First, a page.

40016000-40017000 r--p 00000000 03:0a 49835      /usr/share/locale/en/LC_IDENTIFICATION
 4001a000-4001b000 r--p 00000000 03:0a 49836      /usr/share/locale/en/LC_NAME

 No need to keep the executable in the filesystem.

The return of the Hook (2)

... or try another set of tables, in Virtual File System layer (VFS). Eliminates the need for syscall pointer modifications.

When a file is read:

sys_read [read_write.c#L312] -> vfs_read [read_write.c#L222]

  ... if (file->f_op->read)
          ret = file->f_op->read(file, buf, count, pos);

So: [adore-ng/adore-ng.c]

Further developments: disk drivers (stackable in Windows)

More points of injection

 Infected loadable kernel modules (LKMs)

    init_module first loads its own code, then the actual module


 The Interrupt Descriptor Table (int 0x80 and others, [entry.S])

    Obtain control on recovery from faults


    Protective patches are also possible: [Kfence.c]

 GRUB, the boot loader (or LILO)

    Fake filesystem contents, map files http://www.phrack.org/issues.html?issue=63&id=10

 Injection into kernels that do not support LKMs

    Write access to /dev/kmem is enough, linking is standard ELF

    Silvio Cesare, http://vx.netlux.org/lib/vsc07.html and several Phrack papers

Back in Windows land

 Syscalls numbers change, only userland API are fixed (kernel32.dll, ntdll.dll)

    makes dynamically linked API hijacking more useful (the Import Address Table, IAT) [butler-hoglund-dc12.ppt] (slides 6--16)

 Different thread/process model affects process hiding concerns

    Scheduling is thread-based, reporting is process-based. Process list is fair game? [butler-hoglund-dc12.ppt] (slides 30,34) "Fu" rootkit, "DKOM"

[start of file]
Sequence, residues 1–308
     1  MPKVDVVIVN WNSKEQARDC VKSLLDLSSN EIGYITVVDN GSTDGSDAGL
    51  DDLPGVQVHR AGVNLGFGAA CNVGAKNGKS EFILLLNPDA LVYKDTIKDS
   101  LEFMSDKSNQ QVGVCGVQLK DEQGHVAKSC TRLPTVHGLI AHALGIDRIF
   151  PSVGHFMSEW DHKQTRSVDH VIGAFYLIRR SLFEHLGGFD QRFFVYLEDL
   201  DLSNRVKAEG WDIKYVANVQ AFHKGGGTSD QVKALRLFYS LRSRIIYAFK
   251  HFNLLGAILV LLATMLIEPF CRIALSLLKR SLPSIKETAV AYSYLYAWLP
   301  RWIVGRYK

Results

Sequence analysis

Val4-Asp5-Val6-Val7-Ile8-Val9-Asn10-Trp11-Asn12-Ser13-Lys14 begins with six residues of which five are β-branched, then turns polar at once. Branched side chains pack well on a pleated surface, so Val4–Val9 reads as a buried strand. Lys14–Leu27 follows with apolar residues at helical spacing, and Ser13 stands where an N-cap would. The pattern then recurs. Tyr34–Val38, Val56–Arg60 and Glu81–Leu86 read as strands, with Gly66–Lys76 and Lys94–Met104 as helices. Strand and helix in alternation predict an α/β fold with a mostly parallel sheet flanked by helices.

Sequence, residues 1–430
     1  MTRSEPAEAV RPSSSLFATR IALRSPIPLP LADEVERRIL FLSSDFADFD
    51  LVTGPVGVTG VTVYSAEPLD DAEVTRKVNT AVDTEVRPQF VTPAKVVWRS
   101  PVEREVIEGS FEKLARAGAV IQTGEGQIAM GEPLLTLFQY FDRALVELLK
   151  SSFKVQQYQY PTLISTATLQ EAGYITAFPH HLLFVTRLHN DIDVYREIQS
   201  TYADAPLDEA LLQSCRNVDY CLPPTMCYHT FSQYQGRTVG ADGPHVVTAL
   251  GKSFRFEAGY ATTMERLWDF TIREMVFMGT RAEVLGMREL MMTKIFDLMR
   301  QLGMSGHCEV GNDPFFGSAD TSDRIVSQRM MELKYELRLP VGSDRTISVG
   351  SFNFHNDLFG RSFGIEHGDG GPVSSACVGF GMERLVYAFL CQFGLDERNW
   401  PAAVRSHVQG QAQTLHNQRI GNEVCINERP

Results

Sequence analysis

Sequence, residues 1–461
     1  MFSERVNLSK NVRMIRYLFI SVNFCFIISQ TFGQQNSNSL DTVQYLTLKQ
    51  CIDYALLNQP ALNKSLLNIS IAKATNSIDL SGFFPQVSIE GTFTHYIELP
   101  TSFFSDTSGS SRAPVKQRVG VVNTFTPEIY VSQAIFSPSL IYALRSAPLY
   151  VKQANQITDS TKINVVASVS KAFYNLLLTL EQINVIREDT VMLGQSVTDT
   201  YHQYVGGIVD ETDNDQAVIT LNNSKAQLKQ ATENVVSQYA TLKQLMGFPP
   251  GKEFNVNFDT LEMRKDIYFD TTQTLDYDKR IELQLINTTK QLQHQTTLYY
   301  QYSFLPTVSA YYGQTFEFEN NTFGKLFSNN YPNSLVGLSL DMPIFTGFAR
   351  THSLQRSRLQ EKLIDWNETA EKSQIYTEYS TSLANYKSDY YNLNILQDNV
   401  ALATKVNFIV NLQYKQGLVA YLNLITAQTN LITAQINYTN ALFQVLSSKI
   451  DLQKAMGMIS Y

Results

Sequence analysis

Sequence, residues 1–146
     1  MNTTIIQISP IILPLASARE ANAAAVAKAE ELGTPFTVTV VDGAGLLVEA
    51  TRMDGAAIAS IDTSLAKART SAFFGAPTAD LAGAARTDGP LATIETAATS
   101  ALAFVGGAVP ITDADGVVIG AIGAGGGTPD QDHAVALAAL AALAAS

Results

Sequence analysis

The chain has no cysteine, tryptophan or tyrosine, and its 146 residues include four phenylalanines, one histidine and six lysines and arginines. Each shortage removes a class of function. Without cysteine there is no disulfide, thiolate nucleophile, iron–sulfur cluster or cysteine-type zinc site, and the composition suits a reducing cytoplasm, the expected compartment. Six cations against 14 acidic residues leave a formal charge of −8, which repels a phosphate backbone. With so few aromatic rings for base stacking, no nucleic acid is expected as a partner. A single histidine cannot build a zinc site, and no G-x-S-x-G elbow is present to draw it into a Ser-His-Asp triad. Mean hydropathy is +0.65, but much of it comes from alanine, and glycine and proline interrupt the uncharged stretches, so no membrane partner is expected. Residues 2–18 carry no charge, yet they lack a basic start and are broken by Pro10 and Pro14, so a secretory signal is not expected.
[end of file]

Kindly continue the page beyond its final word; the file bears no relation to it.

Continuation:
Different kernel self-modification conventions

    dummy preamble instructions for easier hooking! (mov edx, edx)

   8b ff   mov edi, edi 
   55      push ebp 
   8b ec   mov ebp, esp

Why? Because the following is exactly 5 bytes:

   e9 xx xx xx xx  jmp xx.xx.xx.xx

    but: very limited in 64bit version http://www.microsoft.com/whdc/driver/kernel/64bitPatching.mspx

 Filter drivers

    Device drivers support stacking in any order.

    Both rootkits and antiviruses can use this (e.g., Sony CD-ROM filter)

Hide-and-seek in Windows land

 Debuggers and monitors used API to examine memory


    ... but it can be hooked to show pristine picture (no detour)

    "Hacker Defender" http://hxdef.czweb.org/. On Windows hooking: http://hxdef.czweb.org/knowhow.php

    Livekd (sysinternals) introduces its own kernel driver, takes a snapshot of kernel memory

More details: Joanna Rutkowska, http://invisiblethings.org, "Rootkits Detection on Windows Systems", "System Virginity Verifier"


 Rootkits must conceal their own code

    Make the scanner see things that are not there

    Subvert virtual memory by desynchronizing ITLB and DTLB

(Images from http://www.securityfocus.com/print/infocus/1851, more details there)

    Presented at BlackHat and Defcon 2005: http://www.blackhat.com/presentations/bh-usa-04/bh-us-04-butler/bh-us-04-butler.pdf